US House approves impeachment inquiry into Biden

The US House of Representatives has voted to formally authorise its ongoing impeachment inquiry into President Joe Biden, as Republicans unite behind the effort even though they have yet to find evidence of wrongdoing by the Democrat.

The Republican-controlled chamber voted 221-212 along party lines to approve the probe, which is examining whether Biden improperly benefited from his 53-year-old son Hunter Biden's foreign business dealings, hours after the younger Biden refused a call to testify behind closed doors.

The White House has dismissed the inquiry as unsubstantiated by facts and politically motivated. 

Biden in a statement chastised House Republicans for not acting on his request for any of his domestic priorities or providing emergency funding for Ukraine and Israel.

"House Republicans are not joining me. Instead of doing anything to help make Americans' lives better, they are focused on attacking me with lies," Biden said. 

Biden is preparing for a possible 2024 election rematch with his Republican predecessor, Donald Trump. 

Trump is the first president in US history to be impeached twice and is currently preparing for four upcoming criminal trials.

The effort will almost certainly fail to remove Biden from office. 

Even if the House votes to impeach the president, the Senate would then have to vote to convict him by a two-thirds vote - a near impossibility when Biden's fellow Democrats hold a 51-49 majority.

But it could help Republicans highlight their allegations of corruption through much of the 2024 campaign.

The vote comes three months after Republicans informally began the probe and is not a required step to remove a president or other official from office.

However, authorisation could give Republicans more legal authority to force Biden's administration to co-operate and could help to counter accusations from Democrats who say it lacks legitimacy.

House Republicans allege Biden and his family profited from his actions when he served as Barack Obama's vice-president from 2009 to 2017, and they have zeroed in on his son's business ventures in Ukraine and China during that period.

Democratic representative Jamie Raskin
The probe is "all political fantasy and conspiracy theory", Democrat Jamie Raskin said.

They have turned up evidence that the younger Biden led clients to believe that he could provide access to the vice-president's office, but they have not provided evidence that Biden took any official actions to help those businesses or benefited financially from them.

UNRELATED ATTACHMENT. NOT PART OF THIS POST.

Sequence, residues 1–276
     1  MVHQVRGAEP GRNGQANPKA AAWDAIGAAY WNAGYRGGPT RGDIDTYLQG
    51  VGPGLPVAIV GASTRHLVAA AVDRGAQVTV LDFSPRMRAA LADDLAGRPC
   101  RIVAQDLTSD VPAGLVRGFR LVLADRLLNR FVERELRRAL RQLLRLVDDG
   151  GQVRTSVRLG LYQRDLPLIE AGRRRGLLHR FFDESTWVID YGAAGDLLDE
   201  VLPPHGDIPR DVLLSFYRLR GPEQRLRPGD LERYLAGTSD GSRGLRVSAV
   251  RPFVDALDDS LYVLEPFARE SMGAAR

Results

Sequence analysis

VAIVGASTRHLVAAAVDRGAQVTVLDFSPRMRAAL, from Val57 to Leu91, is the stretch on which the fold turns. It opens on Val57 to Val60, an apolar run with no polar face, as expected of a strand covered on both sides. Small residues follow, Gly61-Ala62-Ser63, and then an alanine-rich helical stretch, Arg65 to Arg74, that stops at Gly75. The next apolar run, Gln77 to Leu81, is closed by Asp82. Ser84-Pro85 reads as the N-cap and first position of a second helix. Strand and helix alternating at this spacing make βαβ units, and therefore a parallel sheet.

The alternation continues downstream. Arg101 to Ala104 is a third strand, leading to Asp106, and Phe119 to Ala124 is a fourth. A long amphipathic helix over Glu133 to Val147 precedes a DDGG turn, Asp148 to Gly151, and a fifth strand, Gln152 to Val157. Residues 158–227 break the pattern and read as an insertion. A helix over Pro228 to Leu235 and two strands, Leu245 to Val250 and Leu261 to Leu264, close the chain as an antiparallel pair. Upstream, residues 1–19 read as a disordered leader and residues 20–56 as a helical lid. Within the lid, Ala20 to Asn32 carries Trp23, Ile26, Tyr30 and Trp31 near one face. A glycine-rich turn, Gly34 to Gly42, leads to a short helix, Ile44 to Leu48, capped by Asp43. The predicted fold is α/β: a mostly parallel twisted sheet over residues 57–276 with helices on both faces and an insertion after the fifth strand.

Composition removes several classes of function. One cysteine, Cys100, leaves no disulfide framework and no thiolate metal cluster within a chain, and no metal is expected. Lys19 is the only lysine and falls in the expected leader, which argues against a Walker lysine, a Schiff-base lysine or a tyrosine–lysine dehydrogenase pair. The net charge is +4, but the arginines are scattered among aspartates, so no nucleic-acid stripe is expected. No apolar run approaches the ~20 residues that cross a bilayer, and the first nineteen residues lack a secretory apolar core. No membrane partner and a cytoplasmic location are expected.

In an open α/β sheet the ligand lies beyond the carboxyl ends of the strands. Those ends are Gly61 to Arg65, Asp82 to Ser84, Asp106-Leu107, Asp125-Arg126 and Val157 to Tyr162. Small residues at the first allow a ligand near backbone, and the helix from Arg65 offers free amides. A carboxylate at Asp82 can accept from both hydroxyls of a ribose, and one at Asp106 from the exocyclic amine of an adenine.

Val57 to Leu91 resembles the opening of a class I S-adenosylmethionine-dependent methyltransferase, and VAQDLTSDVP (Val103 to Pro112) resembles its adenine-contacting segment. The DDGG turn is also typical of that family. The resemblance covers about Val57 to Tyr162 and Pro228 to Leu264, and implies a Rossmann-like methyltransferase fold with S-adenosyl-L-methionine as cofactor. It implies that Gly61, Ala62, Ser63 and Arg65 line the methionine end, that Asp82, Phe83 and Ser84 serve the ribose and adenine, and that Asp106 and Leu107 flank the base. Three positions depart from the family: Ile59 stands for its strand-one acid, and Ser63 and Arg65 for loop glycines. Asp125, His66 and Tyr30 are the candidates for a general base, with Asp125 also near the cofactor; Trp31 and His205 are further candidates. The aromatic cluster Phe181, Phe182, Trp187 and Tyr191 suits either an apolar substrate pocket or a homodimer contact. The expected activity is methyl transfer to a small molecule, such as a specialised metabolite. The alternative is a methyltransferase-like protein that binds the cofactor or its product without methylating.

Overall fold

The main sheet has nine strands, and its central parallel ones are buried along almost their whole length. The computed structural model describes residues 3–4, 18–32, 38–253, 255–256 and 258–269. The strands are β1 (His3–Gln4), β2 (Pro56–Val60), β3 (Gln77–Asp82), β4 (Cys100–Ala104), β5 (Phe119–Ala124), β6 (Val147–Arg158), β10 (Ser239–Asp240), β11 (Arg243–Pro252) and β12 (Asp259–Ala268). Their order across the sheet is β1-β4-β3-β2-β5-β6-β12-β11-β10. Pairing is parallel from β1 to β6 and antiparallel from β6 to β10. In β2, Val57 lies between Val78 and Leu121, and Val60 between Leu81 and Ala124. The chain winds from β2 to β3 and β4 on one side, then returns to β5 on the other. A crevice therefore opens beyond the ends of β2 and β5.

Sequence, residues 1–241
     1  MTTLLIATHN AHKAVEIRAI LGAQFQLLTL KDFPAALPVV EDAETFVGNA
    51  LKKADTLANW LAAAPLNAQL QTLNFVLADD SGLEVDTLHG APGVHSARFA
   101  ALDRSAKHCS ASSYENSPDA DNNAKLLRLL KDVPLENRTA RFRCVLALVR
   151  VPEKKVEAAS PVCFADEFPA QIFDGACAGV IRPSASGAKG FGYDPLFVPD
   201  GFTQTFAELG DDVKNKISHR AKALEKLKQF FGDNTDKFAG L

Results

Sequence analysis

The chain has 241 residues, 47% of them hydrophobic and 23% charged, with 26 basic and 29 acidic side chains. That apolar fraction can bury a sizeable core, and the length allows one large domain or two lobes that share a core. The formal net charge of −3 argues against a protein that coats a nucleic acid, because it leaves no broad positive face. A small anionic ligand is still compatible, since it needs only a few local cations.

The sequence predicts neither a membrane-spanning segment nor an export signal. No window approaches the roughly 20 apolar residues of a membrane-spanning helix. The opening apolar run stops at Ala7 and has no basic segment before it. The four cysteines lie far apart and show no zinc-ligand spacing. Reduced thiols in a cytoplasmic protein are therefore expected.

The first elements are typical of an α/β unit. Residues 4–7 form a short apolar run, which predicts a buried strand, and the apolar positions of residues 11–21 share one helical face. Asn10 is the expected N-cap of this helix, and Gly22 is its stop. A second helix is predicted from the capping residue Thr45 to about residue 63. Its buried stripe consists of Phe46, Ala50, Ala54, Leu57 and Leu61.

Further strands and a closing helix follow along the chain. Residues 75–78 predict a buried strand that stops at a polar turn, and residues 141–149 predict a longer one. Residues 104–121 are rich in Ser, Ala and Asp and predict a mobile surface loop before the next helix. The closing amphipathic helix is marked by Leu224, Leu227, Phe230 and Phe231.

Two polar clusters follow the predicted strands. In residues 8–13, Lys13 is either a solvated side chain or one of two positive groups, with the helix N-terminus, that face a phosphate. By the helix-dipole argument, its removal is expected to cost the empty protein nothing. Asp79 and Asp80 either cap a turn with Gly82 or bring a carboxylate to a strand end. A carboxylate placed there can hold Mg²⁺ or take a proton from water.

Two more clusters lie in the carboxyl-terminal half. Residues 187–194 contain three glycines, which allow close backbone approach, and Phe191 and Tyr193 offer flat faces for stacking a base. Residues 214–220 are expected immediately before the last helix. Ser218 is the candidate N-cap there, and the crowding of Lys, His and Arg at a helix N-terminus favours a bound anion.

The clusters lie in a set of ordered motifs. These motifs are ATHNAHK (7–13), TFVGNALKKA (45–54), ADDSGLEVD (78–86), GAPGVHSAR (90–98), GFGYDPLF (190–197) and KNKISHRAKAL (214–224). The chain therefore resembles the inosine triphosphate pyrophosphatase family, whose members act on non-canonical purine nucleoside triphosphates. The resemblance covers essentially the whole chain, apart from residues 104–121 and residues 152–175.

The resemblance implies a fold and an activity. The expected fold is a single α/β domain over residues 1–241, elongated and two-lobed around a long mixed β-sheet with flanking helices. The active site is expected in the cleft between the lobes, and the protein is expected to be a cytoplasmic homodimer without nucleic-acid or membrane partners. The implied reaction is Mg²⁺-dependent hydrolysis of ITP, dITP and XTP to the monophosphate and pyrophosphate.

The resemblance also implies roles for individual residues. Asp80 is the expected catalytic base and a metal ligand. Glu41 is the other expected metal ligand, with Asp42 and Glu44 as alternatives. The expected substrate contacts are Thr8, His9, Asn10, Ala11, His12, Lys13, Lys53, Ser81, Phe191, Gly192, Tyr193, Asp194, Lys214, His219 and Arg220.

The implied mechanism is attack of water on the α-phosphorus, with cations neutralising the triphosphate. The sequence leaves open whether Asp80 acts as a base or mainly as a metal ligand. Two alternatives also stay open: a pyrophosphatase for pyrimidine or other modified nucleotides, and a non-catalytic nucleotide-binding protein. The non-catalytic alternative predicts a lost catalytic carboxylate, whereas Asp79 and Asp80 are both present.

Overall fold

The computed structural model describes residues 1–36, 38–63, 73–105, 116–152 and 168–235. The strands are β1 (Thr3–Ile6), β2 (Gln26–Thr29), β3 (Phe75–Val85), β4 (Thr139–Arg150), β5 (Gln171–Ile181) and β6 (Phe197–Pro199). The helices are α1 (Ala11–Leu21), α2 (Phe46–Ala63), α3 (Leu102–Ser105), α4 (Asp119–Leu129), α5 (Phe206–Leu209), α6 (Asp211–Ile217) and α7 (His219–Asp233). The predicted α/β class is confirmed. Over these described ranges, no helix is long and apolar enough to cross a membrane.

"By endorsing this impeachment inquiry, the Republican Conference is signing up for another year of a 'do nothing' Congress: no substantive legislation or policy progress, all political fantasy and conspiracy theory," said Democratic representative Jamie Raskin in a statement.

Earlier, Hunter Biden defied a committee subpoena to testify behind closed doors, saying he would testify only in public as he feared his words would otherwise be misrepresented.

"There is no evidence to support the allegations that my father was financially involved in my business, because it did not happen," Hunter Biden said.

Members of the committee said they would take steps to hold him in contempt of Congress, which could potentially result in prison time.

"As President Biden continues to stonewall lawful congressional subpoenas, today’s vote of the full House of Representatives authorising the inquiry puts us in the strongest position to enforce these subpoenas in court," Republican House Speaker Mike Johnson posted on social media.

Hunter Biden outside Capitol Hill, Washington
Hunter Biden defied a committee subpoena, saying he would testify only in public.

Trump, the frontrunner for the Republican presidential nomination, was impeached twice by the House during his presidency: in 2020 for trying to pressure Ukraine to announce a corruption investigation of Biden, and in 2021 for trying to overturn his election loss.

Both attempts foundered in the Senate.

Hunter Biden, who has described his struggles with drug and alcohol addiction, has also been the subject of a years-long criminal investigation.

He faces federal charges that he lied about his drug use while buying a handgun and separate charges of failing to pay $US1.4 million ($A2.1 million) in taxes. 

He has pleaded not guilty to the gun charges, and his lawyer says he has repaid his taxes in full.

"In the depths of my addiction, I was extremely irresponsible with my finances. But to suggest that is grounds for an impeachment inquiry is beyond the absurd. It's shameless," he said.

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